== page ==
But Hammersmith's pint sized flats prove popular with investors and first timers
Kings Court in Hamlet Gardens
While estate agents await the promised post Brexit 'Boris Bounce' to lift the property market out of the doldrums, investors and first time buyers have been taking advantage of the current conditions by snapping up pint sized properties with equally small price tags.
The latest figures from the Land Registry show that during the final quarter of 2019, 15 flats in Hammersmith changed hands for under £350,000, including a number under the £300,000 stamp duty threshold for first time buyers.
As in the previous quarter, these properties were mainly studios or one bedroom flats in well known blocks including Hamlet Gardens, Latymer Court and The Grampians in Shepherd's Bush Road.
They also made up nearly half of the total of flat sales during the period, resulting in the overall average flat price dropping to £441,690 - a massive fall from £833,891 in the last three months of 2018.
The difference then was that between October and December 2018, 33 flats were sold at St George's town centre development Sovereign Court, priced from £900,000 to over £5 million.
In the same three months in 2019, it was a very different picture, with just four new flats within the development changing hands, this time priced from £283,220 to £1,239,960.
While there was a drop in the number of sales of terraced houses, prices over the three months rose by 5.9%, with demand strongest in the W6 0 postcode area, including Brackenbury and the streets around Ravenscourt Park.
As in the previous three months, the top price achieved between October and December was a five bedroom house overlooking Brook Green, sold for £2,675,000.
Brook Green pic: Google maps
Overall, the Hammersmith market remained subdued, with the Land Registry figures showing falls in both prices and the number of sales.
However, in the final months of the decade, they did demonstrate the value of property in the long term, with the overall average cost of a home in Hammersmith rising up 89% over the last ten years.
And now agents are seeing sunny days ahead in the new decade. Melissa Ames of Portico's Hammersmith office says: "The sales market remains healthy, with many first-time buyers taking advantage of the low interest rates and looking to buy their first home. We’re seeing increased demand for one and two bedroom properties in the area.
" Hammersmith seems to change daily with one new development popping up after the next. Although many were sad to see the Cinema close last year, the re-development works are now well under way. Once completed, the town hall extension will also have 196 residential dwellings, a new cinema as well as shops, restaurants and bars.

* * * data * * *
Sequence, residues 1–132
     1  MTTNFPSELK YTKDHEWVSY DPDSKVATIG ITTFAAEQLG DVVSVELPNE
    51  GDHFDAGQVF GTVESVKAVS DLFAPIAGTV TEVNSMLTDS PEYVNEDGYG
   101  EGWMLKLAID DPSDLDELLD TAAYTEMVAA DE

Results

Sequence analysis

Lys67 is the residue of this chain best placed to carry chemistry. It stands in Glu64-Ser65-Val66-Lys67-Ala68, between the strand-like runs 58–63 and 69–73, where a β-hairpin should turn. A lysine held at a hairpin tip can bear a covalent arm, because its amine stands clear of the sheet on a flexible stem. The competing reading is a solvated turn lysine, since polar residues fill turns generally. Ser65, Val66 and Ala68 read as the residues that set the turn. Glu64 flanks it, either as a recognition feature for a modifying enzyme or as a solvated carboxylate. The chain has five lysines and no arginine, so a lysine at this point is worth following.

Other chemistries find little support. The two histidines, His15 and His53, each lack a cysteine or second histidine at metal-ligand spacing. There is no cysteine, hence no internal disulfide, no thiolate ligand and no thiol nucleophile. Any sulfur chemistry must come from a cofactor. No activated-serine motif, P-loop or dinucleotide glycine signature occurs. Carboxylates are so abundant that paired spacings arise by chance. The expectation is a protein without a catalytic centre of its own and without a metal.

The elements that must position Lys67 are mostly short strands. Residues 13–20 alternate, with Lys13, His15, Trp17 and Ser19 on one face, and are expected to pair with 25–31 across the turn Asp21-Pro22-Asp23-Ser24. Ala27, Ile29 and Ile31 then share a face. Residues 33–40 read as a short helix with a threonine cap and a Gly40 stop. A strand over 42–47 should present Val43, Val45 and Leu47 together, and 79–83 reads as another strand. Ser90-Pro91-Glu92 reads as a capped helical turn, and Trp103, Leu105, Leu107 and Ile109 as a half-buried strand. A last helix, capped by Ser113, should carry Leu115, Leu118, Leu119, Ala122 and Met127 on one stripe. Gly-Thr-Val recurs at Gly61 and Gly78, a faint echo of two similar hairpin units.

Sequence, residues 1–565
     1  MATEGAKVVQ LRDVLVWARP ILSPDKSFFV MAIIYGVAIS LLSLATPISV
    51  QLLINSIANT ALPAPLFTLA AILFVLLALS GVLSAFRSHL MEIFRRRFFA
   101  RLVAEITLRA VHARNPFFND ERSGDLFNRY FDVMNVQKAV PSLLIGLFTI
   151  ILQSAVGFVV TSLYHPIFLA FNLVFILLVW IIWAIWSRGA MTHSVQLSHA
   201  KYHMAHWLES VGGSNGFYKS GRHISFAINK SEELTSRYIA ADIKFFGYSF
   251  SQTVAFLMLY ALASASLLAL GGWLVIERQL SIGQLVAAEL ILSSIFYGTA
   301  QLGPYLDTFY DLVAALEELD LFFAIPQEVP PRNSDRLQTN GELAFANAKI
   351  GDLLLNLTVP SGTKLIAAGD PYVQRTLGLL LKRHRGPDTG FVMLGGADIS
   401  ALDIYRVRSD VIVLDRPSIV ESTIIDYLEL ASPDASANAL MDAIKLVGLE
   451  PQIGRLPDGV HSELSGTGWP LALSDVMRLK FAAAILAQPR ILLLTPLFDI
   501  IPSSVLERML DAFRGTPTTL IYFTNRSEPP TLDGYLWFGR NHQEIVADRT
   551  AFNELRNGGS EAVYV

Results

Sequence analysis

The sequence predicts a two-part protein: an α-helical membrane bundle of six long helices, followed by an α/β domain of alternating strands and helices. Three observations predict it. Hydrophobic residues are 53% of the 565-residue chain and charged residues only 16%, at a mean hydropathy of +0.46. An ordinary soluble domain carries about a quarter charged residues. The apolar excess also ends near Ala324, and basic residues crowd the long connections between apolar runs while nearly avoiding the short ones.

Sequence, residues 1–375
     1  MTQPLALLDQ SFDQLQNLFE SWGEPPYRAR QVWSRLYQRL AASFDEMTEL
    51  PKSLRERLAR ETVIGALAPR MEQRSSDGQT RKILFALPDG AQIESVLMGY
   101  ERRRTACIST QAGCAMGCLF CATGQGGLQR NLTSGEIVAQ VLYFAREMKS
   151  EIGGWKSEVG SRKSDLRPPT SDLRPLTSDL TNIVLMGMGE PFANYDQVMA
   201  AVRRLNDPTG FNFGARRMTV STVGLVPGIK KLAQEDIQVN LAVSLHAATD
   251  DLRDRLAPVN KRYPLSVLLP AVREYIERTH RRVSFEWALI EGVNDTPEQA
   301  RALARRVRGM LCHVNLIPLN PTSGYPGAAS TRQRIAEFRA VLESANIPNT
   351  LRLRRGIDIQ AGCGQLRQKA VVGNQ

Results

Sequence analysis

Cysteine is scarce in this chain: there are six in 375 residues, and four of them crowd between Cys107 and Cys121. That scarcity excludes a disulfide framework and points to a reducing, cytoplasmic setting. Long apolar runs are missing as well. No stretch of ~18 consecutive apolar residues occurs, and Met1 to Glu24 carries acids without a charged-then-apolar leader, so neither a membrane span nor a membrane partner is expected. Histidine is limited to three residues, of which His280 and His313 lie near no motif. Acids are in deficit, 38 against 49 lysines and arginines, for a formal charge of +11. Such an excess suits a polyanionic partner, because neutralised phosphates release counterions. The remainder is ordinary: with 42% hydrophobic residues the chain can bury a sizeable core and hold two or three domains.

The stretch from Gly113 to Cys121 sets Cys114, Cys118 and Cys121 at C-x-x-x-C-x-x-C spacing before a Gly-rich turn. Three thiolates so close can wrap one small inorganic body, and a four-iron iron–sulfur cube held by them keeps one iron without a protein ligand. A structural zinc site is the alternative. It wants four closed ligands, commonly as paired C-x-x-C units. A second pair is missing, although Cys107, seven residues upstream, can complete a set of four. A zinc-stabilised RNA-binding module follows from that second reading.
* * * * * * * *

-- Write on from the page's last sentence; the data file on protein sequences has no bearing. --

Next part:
"With an active housing market for both the sales and rental sectors and continuing new developments, Hammersmith is as popular and vibrant as ever."
|Hammersmith Property Prices - (October - December 2019)|
|Sales||Overall Ave||Total Sales|
|Last three years||72.1%||500.0%||-9.2%||43.8%||-45.8%||-63.2%||0.1%||-41.3%|
|Last five years||-29.7%||50.0%||6.2%||-30.3%||-45.7%||-69.2%||-4.6%||-57.0%|
|Last ten years||-||-||68.7%||-17.9%||43.0%||-41.8%||89.9%||-26.5%|
For the country as a whole prices grew by 1.4% in 2019 to reach an average of £215,282 according to the Nationwide House Price Index. The figures from National Statistics show a 2.2% rise to November 2019 to an average of £235,298.
Commenting on the figures, Robert Gardner, Nationwide's Chief Economist, said, “January saw a further modest pick-up in annual UK house price growth to 1.9%, from 1.4% in December. This follows twelve 12 successive months in which annual price growth had been below 1%.
“Indicators of UK economic activity were fairly volatile for much of 2019, but the underlying pace of growth slowed through the year as a result of weaker global growth and an intensification of Brexit uncertainty.
“Recent data continue to paint a mixed picture. Economic growth appeared to grind to a halt as 2019 drew to a close, though business surveys point to a pickup at the start of the New Year. “
The Royal Institution of Chartered Surveyors’ (RICS) November 2019 UK Residential Market Survey reported that key measures of buyer demand point to sales remaining in negative territory, the uncertainty surrounding the 2019 General Election and Brexit being the likely cause of suppressed activity. However, there is an expectation that a more stable trend is likely to emerge over the coming three months.
The Bank of England’s Agents’ summary of business conditions – 2019 Q4 reported that the housing market remained subdued, mainly due to the October Brexit deadline and the General Election. Contacts reported that house prices were modestly down on a year ago in the south and modestly up elsewhere.
Robert Gardner added: "Looking ahead, economic developments will remain the key driver of housing market trends and house prices. Much will continue to depend on how quickly uncertainty about the UK’s future trading relationships lifts, as well as the outlook for global growth.
"Overall, we expect the economy to continue to expand at a modest pace in 2020, with house prices remaining broadly flat over the next 12 months."
February 7, 2020